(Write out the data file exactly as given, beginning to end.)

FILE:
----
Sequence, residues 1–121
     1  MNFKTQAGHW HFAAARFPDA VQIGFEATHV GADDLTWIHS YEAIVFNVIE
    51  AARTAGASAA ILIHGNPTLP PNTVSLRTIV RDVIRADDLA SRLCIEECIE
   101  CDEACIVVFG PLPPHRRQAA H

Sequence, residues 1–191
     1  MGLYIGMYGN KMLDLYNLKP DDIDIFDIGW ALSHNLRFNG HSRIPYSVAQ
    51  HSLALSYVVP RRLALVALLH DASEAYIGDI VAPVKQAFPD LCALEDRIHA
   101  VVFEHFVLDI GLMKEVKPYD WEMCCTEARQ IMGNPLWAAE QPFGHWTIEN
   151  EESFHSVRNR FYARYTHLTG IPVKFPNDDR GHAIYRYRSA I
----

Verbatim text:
Sequence, residues 1–121
     1  MNFKTQAGHW HFAAARFPDA VQIGFEATHV GADDLTWIHS YEAIVFNVIE
    51  AARTAGASAA ILIHGNPTLP PNTVSLRTIV RDVIRADDLA SRLCIEECIE
   101  CDEACIVVFG PLPPHRRQAA H

Sequence, residues 1–191
     1  MGLYIGMYGN KMLDLYNLKP DDIDIFDIGW ALSHNLRFNG HSRIPYSVAQ
    51  HSLALSYVVP RRLALVALLH DASEAYIGDI VAPVKQAFPD LCALEDRIHA
   101  VVFEHFVLDI GLMKEVKPYD WEMCCTEARQ IMGNPLWAAE QPFGHWTIEN
   151  EESFHSVRNR FYARYTHLTG IPVKFPNDDR GHAIYRYRSA I